As I sit here, listing off all the ways I’m NOT like Jesus, I’m tempted to be discouraged. All I can see is the ways that I fall short and how those insufficiencies affect the people around me. But then I hear Him telling me the same things I told Jenna the last time she and I had that conversation.

It’s fine.  

You have time.

That’s what you’re here for: to learn how to be like Me. That is the entire point.

 You’ll learn all of those things and it’s completely okay that you don’t have them all under control right this second. I’ll teach you when the time comes.

I love how much you want to be like me. You already ARE like me in more ways than you know. 

Try to get some rest. I love you.

 And, like my firstborn, I’m learning (very slowly) to obey and to rest in the truth that “God, who began the good work within [me], will continue his work until it is finally finished on the day when Christ Jesus returns.” (Phillipians 1:6, NLT)

We will get there, friend. Slowly, incrementally, but as sure as His promises, He’ll continue His work in us.

 

 

 

 

 

Happy birthday, Little J!


Hey, Little J… 


Happy fourth birthday, little girl! I love you. Have I told you lately that I love how you’re growing up? Not to fast, not to slow… just right. It’s fun that you can have very involved conversations with me. (It’s fun that you frequently carry out both sides of involved conversations with, say, stuffed animals. Or infants.) I love that you know and use all the big words you hear us use. I also like that you still say “somefling” instead of “something.” I’ll admit that I’m not working very hard to teach you the right way to say that… I want to hold on to that very last hint of toddler in your voice. I still call you “Baby J” from time to time, but that’s more habit than anything. You’re less and less of a baby and more of a little kid. 


It’s fun (and sometimes scary) to see the ways you’re like me. You’re so empathetic. It blows my mind that a three- (now four)-year old can and will pick up and verbalize how people around her are feeling (and respond appropriately), but you frequently do. It’s so funny to hear you interact with K and B- you’re such a little mama. It’s like hearing me, but in a preschooler voice. (And sometimes you say “Oh, MAN!” or “Shoot!” and I realize that sounding like me isn’t always a good thing. I’ll work on that.)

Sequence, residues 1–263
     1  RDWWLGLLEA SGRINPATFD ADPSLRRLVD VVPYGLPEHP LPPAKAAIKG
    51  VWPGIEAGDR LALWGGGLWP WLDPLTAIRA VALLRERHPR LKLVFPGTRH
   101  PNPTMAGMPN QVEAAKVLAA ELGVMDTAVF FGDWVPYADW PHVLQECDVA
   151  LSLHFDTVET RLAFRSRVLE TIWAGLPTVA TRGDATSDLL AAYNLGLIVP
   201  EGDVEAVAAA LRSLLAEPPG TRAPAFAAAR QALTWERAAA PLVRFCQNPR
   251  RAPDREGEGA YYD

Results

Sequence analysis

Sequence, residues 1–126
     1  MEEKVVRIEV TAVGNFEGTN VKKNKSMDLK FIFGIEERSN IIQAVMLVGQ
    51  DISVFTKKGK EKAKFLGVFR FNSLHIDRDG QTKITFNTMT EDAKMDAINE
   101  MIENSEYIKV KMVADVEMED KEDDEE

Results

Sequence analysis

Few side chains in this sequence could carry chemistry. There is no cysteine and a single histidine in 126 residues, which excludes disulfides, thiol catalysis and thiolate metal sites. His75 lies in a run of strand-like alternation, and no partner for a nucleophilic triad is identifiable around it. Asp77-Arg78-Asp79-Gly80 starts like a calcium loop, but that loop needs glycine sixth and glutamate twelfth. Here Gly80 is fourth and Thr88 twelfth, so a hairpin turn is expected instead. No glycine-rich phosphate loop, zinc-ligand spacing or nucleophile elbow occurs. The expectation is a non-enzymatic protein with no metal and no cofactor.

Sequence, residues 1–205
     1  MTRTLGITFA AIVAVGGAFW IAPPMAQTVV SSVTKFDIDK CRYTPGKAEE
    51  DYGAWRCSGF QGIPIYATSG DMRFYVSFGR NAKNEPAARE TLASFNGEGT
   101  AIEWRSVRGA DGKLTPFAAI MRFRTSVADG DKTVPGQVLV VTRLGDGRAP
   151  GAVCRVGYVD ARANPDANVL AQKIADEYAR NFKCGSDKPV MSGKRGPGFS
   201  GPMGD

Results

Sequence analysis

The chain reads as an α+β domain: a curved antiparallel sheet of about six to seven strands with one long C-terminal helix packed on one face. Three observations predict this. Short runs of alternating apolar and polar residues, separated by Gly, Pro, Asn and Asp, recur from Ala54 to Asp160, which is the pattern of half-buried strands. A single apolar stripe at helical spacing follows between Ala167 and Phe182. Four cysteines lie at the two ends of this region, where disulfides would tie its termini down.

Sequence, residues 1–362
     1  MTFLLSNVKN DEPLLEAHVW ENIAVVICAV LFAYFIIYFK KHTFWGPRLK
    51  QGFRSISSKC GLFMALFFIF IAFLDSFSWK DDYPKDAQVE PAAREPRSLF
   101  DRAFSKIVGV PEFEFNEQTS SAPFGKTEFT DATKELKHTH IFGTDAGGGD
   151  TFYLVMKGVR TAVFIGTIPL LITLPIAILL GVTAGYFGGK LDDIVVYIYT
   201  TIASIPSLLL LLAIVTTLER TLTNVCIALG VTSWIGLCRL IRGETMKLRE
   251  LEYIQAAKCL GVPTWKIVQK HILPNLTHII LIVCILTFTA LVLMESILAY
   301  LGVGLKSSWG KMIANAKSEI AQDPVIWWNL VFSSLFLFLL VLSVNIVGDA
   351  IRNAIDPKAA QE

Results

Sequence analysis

I love your fun… The twirls, the dancing, the fairy wings and wanting to “really fly”… I love your songs- both the ones you learned and the ones you make up. (I won’t lie- I appreciate that you have pretty good pitch, too. Much easier to hear 2,341 rounds of Frozen songs when they’re not off-key.)

I love how you see God. Every pretty sunrise or snowfall finds you saying, “Look, Mama! We should thank God for that!” And the questions. Oh, the questions. You give me a run for my money, child. (“Wait. So God sent Jesus? But Jesus is God! So God sent Himself??? That doesn’t make any sense.“)  I like that when you’re sad, you talk to Him. I also like when you ask him to make your toys “real.” (And I like that you tell me, “I asked Him, and I hope He does make my giraffe a REAL giraffe, but if He doesn’t, I’m ok with that.” Much easier for me that way, to be sure!) You’re such a fun blend of little kid and big kid. I am praying that this is the year you understand, really understand about “God’s rescue plan.” (Because, as cool as you are, it’s obvious you need the Holy Spirit every bit as badly as your Mama does.) I am excited to see you grow to understand “grace.” (Other than “No! Don’t take that away! Give me grace!” when you deserve discipline.) 

I’m excited for this year.

Things you’ll learn to read and write and add and draw.

Fun things you’ll learn to do. (Swim lessons happening when K turns 3!)

The way you’ll learn to relate to your sister and help with your brother. 

Greater control over your words and emotions. (Not perfect- heavens! I’m not that good at it!- just better.) 

Growth in grace and character and wisdom. (As much of those as a 4-year-old can soak up!)

Mostly, I am just excited to see you become more you.

Because you’re lovely. And we love you.